From a chart standpoint, an example of a perfectly timed and executed comeback which resulted in an unexpected worldwide smash. In America, Meat Loaf had never had a Top 10 single or even a Top 10 album despite the millions of copies Bat Out of Hell had sold over the years. BOOH had gradually grown into required listening among my generation if my college was anything to go by, with “Paradise By The Dashboard Light” and “Two Out Of Three Ain’t Bad” familiar sounds in my dorm hallways. So things had kind of reached a critical mass when the release of BOOH2 was announced in 1993. Number one on the album chart was not unexpected but number one on the Hot 100 was certainly not something I would have bet on. Sales of course drove the single, but it got decent airplay too, surprisingly considering its 7-14 minute length depending on which edit was being used. Initially bemused by its success, I eventually succumbed to its charms like everyone else I knew. Not the best single of 1993, or even Meat Loaf’s best single ever, but good enough for 8/10 from me.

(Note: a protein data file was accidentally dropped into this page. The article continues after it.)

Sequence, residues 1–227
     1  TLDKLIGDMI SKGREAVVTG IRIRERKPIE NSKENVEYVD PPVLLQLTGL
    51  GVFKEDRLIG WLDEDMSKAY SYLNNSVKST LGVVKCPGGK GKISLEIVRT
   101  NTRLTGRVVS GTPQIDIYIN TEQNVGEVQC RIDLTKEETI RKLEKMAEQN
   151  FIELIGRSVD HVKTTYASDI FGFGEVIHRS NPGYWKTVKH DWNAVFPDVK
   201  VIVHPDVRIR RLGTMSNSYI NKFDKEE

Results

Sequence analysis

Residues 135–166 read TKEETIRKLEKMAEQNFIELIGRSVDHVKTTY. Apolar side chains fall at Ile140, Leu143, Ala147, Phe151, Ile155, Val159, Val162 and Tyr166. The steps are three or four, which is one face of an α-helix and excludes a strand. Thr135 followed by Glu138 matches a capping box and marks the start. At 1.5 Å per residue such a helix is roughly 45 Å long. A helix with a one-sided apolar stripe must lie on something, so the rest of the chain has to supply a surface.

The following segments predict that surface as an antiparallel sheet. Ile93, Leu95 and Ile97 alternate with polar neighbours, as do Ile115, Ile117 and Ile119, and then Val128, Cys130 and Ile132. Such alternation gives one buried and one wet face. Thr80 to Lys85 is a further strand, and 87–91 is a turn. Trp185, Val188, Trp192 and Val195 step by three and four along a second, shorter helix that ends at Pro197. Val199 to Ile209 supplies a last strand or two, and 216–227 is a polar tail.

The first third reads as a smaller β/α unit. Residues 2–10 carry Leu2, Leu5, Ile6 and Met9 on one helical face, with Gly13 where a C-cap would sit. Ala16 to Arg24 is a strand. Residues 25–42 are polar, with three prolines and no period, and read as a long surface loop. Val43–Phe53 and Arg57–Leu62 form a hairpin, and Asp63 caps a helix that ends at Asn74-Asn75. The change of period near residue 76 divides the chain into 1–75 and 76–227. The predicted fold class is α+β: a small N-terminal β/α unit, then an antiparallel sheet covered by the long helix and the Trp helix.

10. 40
    sally on 7 Dec 2014 #

    He’s singing about anal sex. Let’s be honest, no-one should have to do THAT for love. It’s just wrong.

  11. 41
    Adam on 31 Mar 2015 #

    From Wiki:

    Y. Bhekhirst (apparently born in 1952) is an outsider musician based in New Hyde Park, New York. Although not much is known about him, his sole known record, Hot in the Airport, released in 1986 and re-released in 1994 on New Hyde Park-based label HDG Records, is prized by some outsider music collectors for its decidedly dadaistic, shambling songs.